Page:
The Foundation for Moral Law is working to make Alabama the seventh state to offer customized "Don't Tread On Me" license plates featuring the Revolutionary War-era Gadsden flag emblazoned with a yellow rattlesnake, The Washington Post
The Gadsden flag
was originally fashioned during the American Revolution, and was inspired by a cartoon by Benjamin Franklin in 1754 depicting a rattlesnake broken into 13 parts, with each part representing one of the colonies, with the phrase "Join, or Die." Some tea party members have embraced the flag as symbolizing their cause.
The conservative Foundation for Moral Law,
based in Montgomery, is using billboard ads to encourage motorists to pre-order the plates. It needs a minimum of 1,000 pre-orders for the Alabama Revenue Department to manufacture the specialty plates. It would cost $50 to obtain a plate with $41.25 earmarked for the foundation, and the rest going to Alabama's coffers.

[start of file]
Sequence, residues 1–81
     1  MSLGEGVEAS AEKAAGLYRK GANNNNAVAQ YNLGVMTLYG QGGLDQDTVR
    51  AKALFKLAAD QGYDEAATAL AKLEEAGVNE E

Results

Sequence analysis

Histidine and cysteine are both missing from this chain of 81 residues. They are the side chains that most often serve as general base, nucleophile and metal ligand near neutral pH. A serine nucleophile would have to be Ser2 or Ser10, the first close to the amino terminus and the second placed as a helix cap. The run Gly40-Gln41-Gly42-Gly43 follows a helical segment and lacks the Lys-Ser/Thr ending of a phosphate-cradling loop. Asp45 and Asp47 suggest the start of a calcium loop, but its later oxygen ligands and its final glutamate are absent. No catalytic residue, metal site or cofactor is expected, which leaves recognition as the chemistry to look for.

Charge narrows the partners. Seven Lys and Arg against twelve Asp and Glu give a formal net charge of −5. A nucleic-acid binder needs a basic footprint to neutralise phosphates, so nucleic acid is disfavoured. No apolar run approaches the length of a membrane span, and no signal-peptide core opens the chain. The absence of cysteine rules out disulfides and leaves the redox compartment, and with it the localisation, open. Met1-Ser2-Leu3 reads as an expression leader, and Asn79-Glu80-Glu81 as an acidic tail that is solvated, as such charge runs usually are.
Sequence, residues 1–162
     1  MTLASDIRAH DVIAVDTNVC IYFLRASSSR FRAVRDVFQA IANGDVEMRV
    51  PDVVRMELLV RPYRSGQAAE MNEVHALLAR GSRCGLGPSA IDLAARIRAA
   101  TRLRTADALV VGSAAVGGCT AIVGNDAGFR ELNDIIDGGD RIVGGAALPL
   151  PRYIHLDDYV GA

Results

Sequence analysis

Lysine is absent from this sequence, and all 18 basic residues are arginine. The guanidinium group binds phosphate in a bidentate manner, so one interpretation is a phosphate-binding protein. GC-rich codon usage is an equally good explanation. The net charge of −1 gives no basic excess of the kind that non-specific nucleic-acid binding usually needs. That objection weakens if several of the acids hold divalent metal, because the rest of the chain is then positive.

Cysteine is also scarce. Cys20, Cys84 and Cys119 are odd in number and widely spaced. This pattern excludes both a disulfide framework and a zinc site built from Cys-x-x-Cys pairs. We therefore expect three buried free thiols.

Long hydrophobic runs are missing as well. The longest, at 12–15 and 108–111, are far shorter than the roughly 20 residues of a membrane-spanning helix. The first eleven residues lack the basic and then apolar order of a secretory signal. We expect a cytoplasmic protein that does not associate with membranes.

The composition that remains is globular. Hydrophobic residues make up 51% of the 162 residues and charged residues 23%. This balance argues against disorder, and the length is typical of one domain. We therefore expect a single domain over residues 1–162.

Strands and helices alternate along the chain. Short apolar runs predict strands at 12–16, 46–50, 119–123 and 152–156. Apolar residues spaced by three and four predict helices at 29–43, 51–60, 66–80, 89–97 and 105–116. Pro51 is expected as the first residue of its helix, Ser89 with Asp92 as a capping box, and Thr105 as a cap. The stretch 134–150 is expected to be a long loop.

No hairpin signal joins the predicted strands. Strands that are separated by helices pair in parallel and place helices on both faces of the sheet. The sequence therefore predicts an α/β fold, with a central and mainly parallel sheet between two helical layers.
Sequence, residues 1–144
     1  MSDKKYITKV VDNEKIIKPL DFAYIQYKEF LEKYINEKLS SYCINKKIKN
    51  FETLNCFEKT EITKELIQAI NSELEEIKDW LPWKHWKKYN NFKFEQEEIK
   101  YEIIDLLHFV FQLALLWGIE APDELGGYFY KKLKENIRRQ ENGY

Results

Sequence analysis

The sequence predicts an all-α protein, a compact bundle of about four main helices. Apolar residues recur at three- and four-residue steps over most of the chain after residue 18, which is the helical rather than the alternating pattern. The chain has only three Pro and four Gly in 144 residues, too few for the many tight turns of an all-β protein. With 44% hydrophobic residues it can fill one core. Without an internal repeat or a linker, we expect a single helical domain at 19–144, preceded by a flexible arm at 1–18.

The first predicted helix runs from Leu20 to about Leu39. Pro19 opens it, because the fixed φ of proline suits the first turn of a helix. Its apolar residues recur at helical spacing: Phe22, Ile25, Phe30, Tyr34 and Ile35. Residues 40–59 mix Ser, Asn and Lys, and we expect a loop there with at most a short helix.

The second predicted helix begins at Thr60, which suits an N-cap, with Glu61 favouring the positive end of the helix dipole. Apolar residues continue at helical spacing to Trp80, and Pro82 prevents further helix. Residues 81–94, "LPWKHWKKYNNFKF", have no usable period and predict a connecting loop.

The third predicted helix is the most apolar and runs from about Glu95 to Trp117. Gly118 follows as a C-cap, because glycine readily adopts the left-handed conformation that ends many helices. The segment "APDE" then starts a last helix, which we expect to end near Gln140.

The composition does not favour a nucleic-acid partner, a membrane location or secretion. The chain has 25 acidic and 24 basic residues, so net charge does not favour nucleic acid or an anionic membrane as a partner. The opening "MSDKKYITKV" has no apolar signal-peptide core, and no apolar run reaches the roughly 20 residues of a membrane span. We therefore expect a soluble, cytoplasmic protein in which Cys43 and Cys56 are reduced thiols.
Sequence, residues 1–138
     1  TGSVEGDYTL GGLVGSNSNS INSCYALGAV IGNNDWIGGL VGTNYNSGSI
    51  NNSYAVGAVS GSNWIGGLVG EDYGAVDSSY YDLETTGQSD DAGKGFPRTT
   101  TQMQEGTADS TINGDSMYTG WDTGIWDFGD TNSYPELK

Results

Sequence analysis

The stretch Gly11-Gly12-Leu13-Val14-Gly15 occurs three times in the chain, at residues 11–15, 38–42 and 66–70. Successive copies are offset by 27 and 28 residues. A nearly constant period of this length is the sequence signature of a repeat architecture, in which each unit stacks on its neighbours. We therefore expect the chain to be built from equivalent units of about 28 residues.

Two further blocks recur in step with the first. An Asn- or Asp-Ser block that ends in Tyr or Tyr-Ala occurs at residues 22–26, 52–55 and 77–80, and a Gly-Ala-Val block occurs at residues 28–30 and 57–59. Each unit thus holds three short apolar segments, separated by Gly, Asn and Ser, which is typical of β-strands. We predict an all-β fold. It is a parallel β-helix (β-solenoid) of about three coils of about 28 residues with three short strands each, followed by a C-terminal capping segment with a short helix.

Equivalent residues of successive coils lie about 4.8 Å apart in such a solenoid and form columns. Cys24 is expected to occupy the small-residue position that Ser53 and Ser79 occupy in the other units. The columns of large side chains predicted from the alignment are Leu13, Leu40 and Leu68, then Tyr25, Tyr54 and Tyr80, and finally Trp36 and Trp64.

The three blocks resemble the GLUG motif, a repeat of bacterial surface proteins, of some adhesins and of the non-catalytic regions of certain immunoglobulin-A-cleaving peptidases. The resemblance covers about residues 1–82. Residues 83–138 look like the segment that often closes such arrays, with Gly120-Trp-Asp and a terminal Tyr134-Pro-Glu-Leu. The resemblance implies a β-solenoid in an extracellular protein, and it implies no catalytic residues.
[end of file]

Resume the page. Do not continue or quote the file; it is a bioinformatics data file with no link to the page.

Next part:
The foundation says that any money it makes from the plates will be "used for defending the Constitution of the state of Alabama and the U.S. Constitution," the Post reported.
The Alabama Department of Revenue already features 43 special design license plates
where drivers can publicly identify their support for cattlemen, forests, Autism awareness, saltwater fishing, Sons of Confederate Veterans, and the National Wild Turkey Federation, among other causes.
The following states already offer license plates featuring the Gadsden flag: Arizona, Missouri, Oklahoma, South Carolina, Texas, and Virginia, the Post reported.
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